So, you finally got away from the family for a few minutes and you’re checking to see if anything is up out here in Cyberspace. I’ve been looking around and the old haunts are pretty quiet. I guess that is as it should be.
If you have a few moments, here is a bit of a Holiday gift for you. It was written in 1951 by Issac Asimov for a syndicated newspaper page and later published in” Fantasy and Science Fiction Magazine”. It’s an interesting take on educational technology. Hunker down and read the entire story by clicking on the link below:
Margie and Tommy, children in the year 2157 find a real book in an old attic…
They turned the pages, which were yellow and crinkly, and it was awfully funny to read words that stood still instead of moving the way they were supposed to–on a screen, you know. And then, when they turned back to the page before, it had the same words on it that it had had when they read it the first time.
“Gee,” said Tommy, “what a waste. When you’re through with the book, you just throw it away, I guess. Our television screen must have had a million books on it and it’s good for plenty more. I wouldn’t throw it away.”
The book is about schools in the “old days…
So she said to Tommy, “Why would anyone write about school?”
Tommy looked at her with very superior eyes. “Because it’s not our kind of school, stupid. This is the old kind of school that they had hundreds and hundreds of years ago.” He added loftily, pronouncing the word carefully, “Centuries ago.”
The schools they read about have teachers, only not they kind they Margie and Tom are used to…
She read the book over his shoulder for a while, then said, “Anyway, they had a teacher.”
“Sure they had a teacher, but it wasn’t a regular teacher. It was a man.” “A man? How could a man be a teacher?” “Well, he just told the boys and girls things and gave them homework and asked them questions.” “A man isn’t smart enough.”
They learn about the special building all the kids went to…
Margie wasn’t prepared to dispute that. She said, “1 wouldn’t want a strange man in my house to teach me.”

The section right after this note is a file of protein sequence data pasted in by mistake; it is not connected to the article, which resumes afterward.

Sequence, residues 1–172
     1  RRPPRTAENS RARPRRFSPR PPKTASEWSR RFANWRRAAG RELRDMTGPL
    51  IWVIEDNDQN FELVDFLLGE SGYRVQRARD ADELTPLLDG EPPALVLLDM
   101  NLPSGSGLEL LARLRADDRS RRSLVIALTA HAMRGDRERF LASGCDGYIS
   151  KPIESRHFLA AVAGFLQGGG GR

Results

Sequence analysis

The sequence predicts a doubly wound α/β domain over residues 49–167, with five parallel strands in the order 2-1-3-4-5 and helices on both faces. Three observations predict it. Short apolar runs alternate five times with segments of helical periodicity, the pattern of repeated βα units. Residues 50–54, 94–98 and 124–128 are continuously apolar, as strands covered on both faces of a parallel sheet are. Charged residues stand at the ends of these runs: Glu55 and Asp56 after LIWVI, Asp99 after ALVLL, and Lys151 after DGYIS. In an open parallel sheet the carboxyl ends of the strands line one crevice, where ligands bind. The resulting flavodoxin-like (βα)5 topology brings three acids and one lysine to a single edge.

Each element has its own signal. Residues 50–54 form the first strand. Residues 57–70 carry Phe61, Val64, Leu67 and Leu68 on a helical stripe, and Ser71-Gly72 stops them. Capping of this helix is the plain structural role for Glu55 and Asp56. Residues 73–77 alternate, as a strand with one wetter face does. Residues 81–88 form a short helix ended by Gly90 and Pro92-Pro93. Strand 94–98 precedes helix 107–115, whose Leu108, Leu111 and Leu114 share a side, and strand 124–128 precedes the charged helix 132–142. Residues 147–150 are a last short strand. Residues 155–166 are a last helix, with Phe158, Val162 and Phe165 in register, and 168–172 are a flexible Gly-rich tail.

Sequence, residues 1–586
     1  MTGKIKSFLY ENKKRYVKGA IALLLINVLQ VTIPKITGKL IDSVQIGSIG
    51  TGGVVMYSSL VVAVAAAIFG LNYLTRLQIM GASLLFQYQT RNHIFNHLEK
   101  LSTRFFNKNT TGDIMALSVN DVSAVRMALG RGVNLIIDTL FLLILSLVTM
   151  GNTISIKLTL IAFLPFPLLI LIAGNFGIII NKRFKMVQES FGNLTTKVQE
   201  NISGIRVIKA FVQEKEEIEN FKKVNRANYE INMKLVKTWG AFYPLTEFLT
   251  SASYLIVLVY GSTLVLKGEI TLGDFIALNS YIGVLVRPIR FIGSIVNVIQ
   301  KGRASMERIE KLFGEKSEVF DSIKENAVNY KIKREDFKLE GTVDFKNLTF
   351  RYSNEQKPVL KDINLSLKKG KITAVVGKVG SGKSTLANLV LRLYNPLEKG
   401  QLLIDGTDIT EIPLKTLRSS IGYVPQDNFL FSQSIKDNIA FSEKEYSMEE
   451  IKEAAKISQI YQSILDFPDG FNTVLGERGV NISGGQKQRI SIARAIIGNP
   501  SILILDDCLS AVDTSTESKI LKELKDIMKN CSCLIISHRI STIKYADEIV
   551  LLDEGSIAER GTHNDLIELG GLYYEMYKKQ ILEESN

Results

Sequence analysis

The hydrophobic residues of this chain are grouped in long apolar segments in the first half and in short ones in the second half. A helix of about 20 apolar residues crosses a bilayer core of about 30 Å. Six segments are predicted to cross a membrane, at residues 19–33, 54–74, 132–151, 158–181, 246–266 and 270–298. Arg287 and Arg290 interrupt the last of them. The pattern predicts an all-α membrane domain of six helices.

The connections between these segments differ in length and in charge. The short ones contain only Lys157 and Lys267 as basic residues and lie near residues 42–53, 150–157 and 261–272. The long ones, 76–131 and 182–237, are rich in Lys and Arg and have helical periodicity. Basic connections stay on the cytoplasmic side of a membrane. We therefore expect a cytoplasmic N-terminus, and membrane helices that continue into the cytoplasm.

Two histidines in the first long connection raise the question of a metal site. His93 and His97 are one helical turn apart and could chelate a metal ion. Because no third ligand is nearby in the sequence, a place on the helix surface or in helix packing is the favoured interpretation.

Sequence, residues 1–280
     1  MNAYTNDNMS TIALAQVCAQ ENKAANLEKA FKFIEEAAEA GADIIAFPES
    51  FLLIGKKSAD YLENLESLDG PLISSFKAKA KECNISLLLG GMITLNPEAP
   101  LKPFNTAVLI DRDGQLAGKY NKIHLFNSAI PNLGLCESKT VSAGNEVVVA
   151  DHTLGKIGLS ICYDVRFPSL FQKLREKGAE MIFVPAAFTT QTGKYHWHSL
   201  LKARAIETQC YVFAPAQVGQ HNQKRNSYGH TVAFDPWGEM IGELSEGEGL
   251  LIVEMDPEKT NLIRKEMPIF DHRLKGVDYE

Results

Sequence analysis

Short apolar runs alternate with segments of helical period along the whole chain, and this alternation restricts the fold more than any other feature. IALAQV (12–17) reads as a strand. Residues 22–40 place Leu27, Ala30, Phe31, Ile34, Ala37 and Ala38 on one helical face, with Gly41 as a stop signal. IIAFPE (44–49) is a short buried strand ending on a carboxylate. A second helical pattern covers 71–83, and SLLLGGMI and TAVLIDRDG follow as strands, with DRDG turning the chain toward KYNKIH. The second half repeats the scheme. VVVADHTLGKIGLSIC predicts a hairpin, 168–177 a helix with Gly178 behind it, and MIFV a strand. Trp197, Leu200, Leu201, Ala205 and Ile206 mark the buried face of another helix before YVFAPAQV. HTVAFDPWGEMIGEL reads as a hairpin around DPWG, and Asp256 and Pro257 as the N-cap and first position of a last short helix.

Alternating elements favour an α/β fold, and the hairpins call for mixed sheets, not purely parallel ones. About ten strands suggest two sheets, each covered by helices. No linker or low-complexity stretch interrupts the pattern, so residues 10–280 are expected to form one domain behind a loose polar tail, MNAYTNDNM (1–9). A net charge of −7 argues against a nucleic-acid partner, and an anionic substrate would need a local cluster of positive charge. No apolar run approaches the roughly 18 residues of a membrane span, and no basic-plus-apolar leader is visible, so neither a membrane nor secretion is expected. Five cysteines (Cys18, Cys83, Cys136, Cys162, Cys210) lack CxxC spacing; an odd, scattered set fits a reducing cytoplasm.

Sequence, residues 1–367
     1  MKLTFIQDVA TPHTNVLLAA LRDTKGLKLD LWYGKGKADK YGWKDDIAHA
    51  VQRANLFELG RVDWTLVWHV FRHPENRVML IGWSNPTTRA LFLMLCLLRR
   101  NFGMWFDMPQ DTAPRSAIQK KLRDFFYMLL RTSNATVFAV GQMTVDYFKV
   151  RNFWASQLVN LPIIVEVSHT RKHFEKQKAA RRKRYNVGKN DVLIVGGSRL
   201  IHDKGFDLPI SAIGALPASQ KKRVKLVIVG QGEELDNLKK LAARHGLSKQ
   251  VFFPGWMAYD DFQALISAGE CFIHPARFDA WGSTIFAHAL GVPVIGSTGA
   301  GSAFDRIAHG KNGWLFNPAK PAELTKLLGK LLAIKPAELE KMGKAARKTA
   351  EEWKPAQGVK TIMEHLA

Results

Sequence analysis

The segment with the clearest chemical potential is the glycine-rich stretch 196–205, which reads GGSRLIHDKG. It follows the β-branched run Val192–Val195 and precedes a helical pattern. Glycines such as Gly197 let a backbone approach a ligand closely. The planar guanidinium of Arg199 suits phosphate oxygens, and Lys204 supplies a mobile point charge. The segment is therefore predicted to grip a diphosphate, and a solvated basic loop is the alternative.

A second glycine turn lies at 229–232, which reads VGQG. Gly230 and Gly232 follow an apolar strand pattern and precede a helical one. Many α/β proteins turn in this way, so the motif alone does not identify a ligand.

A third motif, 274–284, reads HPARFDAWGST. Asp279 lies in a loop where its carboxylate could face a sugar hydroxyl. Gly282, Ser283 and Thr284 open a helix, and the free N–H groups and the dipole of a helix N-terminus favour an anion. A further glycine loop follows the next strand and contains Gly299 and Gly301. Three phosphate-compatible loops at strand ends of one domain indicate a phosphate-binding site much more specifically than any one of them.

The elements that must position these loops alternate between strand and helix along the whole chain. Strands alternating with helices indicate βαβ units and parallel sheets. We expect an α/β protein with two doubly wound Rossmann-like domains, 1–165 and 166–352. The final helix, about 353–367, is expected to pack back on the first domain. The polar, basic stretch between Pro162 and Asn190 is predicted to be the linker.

Tommy screamed with laughter. “You don’t know much, Margie. The teachers didn’t live in the house. They had a special building and all the kids went there.” “And all the kids learned the same thing?” “Sure, if they were the same age.”
“But my mother says a teacher has to be adjusted to fit the mind of each boy and girl it teaches and that each kid has to be taught differently.”
Margie begins her day at school with the electronic teacher…
Margie went into the schoolroom. It was right next to her bedroom, and the mechanical teacher was on and waiting for her. It was always on at the same time every day except Saturday and Sunday, because her mother said little girls learned better if they learned at regular hours.
The screen was lit up, and it said: “Today’s arithmetic lesson is on the addition of proper fractions. Please insert yesterday’s homework in the proper slot.”
Finally, Margie daydreams about the old schools…
Margie did so with a sigh. She was thinking about the old schools they had when her grandfather’s grandfather was a little boy. All the kids from the whole neighborhood came, laughing and shouting in the schoolyard, sitting together in the schoolroom, going home together at the end of the day. They learned the same things, so they could help one another on the homework and talk about it.
And the teachers were people…
The mechanical teacher was flashing on the screen: “When we add the fractions 1/2 and 1/4…”
Margie was thinking about how the kids must have loved it in the old days. She was thinking about the fun they had.”